Just a few years ago, the conventional wisdom with mid-size sedans was that, unless you counted yourself among frugally minded tightwads, you'd be much happier with the optional V-6 than with a standard four-cylinder engine.
Then four-cylinder engines found a new benchmark for power last year, when Hyundai introduced its direct-injection 2.4-liter four, in the 2011 Sonata. Making up to 200 horsepower and 186 pound-feet of torque—with class-leading fuel economy of 35 mpg highway—this engine (and the car itself, The Car Connection's Best Car To Buy 2011) was a game-changer.
But for those who still wanted to move more rapidly than the standard engine, Hyundai has another game-changing option on offer in the Sonata. There's no Sonata V-6; instead, a 2.0-liter, turbocharged four-cylinder, making 274 hp, powers Turbo SE and Limited models of the Sonata just as quickly as a six.
In fact, the Turbo might actually be more responsive in transitional maneuvers like highway passing, or easing confidently out of a corner. Its 269 pound-feet of torque peak is reached as low as 1,750 rpm, so it can really ease up to speed without downshifting. We couldn't feel much, if any, turbo lag either—and we expected some, considering this setup's pressure-cooking 17.4-psi boost level.
What's surprising is how effectively the Turbo model feels like a premium, more sophisticated powertrain choice. It's surprisingly quiet; Hyundai has tuned out most of the turbo whistle, wastegate, and and intake noise you hear on other high-performance turbo models, and it's hushed the exhaust about to the levels of the non-turbo model. Floor the accelerator at highway speeds and the engine and transmission work quickly but smoothly, with speed gathering in a luxury-car-like rush. Much like a V-6 sedan, in fact. Yes, you can tell there's a four-cylinder engine under the hood, but it doesn't sound or feel downmarket.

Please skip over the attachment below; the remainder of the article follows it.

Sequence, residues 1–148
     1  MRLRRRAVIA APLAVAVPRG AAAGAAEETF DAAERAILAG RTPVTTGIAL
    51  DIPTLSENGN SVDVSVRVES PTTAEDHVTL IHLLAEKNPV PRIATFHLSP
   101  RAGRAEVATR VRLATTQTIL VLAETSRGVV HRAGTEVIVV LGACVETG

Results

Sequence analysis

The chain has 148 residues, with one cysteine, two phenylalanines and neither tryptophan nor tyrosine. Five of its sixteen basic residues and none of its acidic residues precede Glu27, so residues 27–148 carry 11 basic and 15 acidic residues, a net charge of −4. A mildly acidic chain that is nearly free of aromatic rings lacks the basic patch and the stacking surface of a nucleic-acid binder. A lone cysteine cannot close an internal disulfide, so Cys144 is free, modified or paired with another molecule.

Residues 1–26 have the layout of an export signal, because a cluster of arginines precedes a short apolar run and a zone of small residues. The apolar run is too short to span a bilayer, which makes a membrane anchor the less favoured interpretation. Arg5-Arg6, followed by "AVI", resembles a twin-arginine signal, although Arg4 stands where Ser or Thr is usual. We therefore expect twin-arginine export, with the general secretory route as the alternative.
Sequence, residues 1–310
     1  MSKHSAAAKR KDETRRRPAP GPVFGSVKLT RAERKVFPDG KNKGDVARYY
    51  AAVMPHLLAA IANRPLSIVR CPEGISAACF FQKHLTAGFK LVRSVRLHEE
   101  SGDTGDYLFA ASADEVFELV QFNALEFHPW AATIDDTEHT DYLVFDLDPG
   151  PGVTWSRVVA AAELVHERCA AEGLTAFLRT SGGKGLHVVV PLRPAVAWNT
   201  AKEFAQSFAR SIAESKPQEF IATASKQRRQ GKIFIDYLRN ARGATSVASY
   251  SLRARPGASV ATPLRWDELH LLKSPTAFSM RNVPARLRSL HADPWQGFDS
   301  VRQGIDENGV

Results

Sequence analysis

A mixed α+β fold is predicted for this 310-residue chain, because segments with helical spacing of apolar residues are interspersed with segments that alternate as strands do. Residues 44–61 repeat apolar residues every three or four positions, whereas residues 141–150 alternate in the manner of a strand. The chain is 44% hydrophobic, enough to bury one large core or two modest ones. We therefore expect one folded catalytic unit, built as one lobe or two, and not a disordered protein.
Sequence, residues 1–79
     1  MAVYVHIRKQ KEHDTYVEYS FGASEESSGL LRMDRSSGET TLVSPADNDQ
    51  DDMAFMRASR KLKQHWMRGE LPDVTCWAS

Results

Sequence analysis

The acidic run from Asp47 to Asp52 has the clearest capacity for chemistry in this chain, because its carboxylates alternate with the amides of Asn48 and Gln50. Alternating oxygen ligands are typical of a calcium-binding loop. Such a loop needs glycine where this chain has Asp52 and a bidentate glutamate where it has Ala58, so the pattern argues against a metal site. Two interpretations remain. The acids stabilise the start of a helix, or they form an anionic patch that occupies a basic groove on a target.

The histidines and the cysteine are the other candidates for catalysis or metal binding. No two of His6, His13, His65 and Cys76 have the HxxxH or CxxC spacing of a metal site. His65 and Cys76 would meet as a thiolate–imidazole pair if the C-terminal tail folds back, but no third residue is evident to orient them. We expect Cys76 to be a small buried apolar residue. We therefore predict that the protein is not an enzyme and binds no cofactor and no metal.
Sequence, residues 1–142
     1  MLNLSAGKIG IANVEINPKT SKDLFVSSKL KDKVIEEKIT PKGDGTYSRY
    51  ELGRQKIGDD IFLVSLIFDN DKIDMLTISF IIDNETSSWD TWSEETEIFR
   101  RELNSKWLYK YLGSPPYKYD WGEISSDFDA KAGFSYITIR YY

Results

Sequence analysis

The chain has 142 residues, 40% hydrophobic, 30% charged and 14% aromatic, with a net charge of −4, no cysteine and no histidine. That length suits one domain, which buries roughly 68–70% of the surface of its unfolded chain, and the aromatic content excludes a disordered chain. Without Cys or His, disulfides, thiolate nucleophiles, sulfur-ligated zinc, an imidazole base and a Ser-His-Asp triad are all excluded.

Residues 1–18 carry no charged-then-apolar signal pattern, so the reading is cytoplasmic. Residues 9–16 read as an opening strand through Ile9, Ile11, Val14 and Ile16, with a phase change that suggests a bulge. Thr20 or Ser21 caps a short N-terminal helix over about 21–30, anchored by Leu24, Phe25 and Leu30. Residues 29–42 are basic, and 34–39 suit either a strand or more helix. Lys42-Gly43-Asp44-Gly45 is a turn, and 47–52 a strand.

The Turbo's EPA figures are even more impressive: 22 mpg city, 33 highway, with the six-speed automatic. Over only about 85 miles in all—including mostly lower-speed, around-town driving plus a few blasts out on the freeway—we managed about 22 mpg, averaging out exactly at its EPA city rating.
Before you dismiss that as not being very impressive, keep in mind that in a mid-size-to-large sedan like the Sonata, with a V-6, we'd likely have averaged 17-19 mpg in the same type of driving. That's roughly a one-fifth reduction in fuel consumption—certainly significant to your annual fuel budget (or your carbon footprint).
Cementing the economics of it, the Sonata Turbo doesn't require premium gasoline. The regular stuff will do just fine.
We weren't entirely beaming about the 2011 Hyundai Sonata 2.0T in some respects. Ride and handlingleft a little bit to be desired. Compared to the standard-engine model that we know fondly, the Sonata Turbo has a sport-tuned suspension and lower-profile performance tires that might bring improved cornering capability but have a noticeable step up in ride harshness. Steering, too, could use some improvement. As in many current Hyundai products, including the Sonata, the steering has a laden, heavy feel on center, with a varying amount of assistance (and resistance) off center, coming and going in pronounced yet unpredictable steps.
Price, though, makes this package hard to resist. Our Sonata Turbo, with its basic (but nice) cloth interior, standard Bluetooth and automatic climate control, was optioned with the navigation system and upgraded sound (including HD Radio), plus XM NavWeather, NavTraffic, and more, totaled just $27,695. That's about on par with a basic 2011 Honda Accord V-6 EX without nav, or about a grand less than a 2011 Toyota Camry SE optioned with nav.
And when gasoline hits $5 a gallon, you and those tightwads who would have skipped the engine upgrade in the first place will have something in common: You'll both be really happy you did away with that V-6.